The Single Responsibility Principle

The Single Responsibility Principle is the first principle mentioned in the famous SOLID methodology that we should try and follow whenever we build software. Building software in a SOLID way allows us to keep our code flexible, maintainable and most importantly of all – testable!

The Single Responsibility Principle at heart is a very, very simple principle to understand and simply states that:

A class should have only one reason to change

Simple, right? So why do we constantly see (or code ourselves), code that looks like the example below?

class AccountingReport {

   private $db;

   public function __construct() {
      $this->db = new Database;      
   }

   public function buildXmlReport() {
      $data = $this->db->getAccountData();
      // Functionality to build XML data and return
   }

   public function buildCsvReport() {
      $data = $this->db->getAccountData();
      // Functionality to build CSV data and return
   }

   public function buildHtmlTableReport() {
      $data = $this->db->getAccountData();
      // Functionality to build HTML data and return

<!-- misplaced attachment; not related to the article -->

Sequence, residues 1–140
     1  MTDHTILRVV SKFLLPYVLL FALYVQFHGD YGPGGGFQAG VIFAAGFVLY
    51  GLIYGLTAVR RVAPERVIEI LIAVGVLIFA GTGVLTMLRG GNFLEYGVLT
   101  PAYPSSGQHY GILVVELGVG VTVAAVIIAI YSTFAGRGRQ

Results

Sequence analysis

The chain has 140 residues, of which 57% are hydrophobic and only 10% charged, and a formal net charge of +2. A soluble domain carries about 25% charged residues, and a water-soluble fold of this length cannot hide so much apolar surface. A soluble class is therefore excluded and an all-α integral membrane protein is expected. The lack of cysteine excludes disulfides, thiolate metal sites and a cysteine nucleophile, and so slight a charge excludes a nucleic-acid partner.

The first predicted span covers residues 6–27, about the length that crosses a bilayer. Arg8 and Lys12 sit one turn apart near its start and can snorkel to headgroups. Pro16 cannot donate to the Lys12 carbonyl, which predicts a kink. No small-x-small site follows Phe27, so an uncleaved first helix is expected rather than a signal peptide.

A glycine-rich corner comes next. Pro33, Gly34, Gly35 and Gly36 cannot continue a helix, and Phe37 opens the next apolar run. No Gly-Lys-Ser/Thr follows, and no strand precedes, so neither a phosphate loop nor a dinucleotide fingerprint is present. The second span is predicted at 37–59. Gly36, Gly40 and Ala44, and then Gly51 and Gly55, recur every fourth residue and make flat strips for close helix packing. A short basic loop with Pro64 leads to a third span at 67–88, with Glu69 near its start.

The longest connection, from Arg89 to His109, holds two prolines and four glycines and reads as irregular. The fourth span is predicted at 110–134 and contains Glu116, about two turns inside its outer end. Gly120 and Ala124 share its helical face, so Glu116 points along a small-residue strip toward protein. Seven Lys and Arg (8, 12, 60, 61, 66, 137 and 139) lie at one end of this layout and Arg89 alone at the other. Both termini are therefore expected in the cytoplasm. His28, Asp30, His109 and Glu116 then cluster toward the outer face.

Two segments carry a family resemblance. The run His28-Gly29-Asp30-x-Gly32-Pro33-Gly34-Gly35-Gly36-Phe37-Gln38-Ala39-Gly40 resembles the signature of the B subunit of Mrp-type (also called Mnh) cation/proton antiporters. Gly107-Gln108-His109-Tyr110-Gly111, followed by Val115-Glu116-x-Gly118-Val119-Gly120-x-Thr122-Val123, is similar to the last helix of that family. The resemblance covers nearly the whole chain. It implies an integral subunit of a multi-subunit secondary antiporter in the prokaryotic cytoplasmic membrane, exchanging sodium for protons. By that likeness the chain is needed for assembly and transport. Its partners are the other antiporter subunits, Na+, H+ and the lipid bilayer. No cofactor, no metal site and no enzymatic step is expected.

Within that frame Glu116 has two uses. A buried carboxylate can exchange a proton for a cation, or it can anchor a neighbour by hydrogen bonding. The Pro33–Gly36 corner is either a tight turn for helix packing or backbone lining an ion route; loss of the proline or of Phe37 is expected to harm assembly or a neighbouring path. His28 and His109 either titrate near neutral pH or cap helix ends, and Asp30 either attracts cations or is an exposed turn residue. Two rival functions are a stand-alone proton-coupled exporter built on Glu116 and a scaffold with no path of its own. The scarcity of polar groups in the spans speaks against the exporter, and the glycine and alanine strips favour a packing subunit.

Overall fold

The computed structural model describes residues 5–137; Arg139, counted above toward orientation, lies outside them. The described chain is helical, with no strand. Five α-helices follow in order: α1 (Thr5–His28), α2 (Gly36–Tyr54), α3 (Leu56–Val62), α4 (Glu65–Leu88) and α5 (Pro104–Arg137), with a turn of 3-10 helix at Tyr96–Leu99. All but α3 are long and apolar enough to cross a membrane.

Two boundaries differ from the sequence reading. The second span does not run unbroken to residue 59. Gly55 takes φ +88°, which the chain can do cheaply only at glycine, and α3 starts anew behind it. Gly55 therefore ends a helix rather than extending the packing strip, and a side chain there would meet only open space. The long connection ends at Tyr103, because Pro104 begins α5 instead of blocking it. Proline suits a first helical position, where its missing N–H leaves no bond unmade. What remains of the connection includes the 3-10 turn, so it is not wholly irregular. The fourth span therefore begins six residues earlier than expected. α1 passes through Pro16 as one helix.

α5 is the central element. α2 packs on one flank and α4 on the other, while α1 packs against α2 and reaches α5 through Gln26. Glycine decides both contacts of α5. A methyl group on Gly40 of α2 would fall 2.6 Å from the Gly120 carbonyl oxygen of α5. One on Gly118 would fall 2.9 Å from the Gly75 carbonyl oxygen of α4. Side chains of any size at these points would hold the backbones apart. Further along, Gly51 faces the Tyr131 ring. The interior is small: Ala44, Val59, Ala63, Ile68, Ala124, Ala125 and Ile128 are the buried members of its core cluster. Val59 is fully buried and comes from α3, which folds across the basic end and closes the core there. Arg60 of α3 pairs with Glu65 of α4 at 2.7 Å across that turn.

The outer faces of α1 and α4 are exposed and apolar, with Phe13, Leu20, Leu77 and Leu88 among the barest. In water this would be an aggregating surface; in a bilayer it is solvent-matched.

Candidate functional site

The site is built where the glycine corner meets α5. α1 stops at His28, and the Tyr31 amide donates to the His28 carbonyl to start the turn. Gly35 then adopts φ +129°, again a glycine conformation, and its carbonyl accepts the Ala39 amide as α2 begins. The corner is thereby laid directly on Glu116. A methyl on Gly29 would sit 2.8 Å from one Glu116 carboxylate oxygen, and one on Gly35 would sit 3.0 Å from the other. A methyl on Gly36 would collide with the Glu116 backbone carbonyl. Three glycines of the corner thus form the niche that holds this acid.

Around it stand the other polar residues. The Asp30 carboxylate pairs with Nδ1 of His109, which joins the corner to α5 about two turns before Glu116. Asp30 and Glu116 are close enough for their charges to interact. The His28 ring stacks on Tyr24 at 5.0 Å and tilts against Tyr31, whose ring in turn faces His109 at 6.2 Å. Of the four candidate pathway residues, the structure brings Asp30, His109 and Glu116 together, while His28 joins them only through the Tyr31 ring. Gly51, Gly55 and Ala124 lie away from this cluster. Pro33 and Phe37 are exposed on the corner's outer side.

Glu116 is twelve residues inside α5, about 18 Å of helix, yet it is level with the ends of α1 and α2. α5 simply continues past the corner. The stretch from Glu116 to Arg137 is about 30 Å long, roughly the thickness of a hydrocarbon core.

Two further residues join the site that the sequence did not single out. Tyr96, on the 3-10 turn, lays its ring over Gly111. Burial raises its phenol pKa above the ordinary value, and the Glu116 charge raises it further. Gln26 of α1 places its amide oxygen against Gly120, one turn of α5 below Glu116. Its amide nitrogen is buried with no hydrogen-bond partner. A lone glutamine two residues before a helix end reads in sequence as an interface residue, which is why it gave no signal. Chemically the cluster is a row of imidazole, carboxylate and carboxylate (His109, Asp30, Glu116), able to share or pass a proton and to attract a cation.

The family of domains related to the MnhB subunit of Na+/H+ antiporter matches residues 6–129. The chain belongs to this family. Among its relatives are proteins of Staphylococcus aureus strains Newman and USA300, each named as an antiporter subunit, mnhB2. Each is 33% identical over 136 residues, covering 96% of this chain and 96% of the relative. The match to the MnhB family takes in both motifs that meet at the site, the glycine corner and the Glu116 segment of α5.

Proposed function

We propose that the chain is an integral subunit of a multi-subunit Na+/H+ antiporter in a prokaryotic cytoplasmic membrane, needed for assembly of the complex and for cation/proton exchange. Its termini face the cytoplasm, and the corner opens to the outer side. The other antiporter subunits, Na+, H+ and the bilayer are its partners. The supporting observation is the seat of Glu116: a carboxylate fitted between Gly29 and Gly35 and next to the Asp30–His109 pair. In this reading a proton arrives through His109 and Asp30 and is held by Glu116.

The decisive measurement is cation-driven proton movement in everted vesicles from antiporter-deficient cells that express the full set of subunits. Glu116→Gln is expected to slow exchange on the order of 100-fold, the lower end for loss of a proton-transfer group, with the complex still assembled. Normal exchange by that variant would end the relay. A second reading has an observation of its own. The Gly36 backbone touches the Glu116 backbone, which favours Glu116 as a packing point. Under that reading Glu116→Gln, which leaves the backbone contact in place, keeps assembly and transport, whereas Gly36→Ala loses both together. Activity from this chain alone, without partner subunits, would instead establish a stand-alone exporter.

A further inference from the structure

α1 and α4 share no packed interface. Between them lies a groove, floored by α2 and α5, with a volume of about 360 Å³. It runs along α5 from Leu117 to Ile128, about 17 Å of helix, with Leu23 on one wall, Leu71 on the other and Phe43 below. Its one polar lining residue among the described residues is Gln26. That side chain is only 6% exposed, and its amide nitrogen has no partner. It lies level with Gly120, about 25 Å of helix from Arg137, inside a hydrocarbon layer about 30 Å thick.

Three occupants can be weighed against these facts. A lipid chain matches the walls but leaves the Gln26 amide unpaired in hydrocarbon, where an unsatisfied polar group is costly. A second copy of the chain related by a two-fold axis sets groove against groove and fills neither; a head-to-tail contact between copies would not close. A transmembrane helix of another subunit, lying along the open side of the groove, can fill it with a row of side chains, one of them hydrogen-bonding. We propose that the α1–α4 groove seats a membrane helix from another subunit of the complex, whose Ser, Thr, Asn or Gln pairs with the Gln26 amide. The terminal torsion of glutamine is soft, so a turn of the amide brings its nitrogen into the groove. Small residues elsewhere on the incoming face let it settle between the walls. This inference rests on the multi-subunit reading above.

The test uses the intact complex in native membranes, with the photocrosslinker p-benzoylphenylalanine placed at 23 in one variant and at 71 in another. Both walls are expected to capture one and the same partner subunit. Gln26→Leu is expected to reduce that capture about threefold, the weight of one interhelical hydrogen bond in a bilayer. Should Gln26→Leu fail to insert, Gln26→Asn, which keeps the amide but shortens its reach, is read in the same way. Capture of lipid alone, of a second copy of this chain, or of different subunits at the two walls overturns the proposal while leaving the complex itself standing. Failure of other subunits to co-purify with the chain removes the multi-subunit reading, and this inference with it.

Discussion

}

}

The class above violates a lot more than just the Single Responsibility Principle but let’s work with it and refactor to a SOLID class design.

First of all, this breaks the Dependency Inversion Principle as we are now completely and utterly dependent upon the concrete Database class, so let’s refactor that out and typehint to an abstraction and as such inverting the dependency and fixing this SOLID violation:

class AccountingReport {

   private $db;

   public function __construct(DatabaseInterface $db) {
      $this->db = $db;      
   } 

   // Rest of methods above removed for brevity
}

Much better, but alas! What does an accounting report have to do with a Database? This is where we should realise that the Single Responsibility Principle has been violated as the class will now have to change under the following circumstances: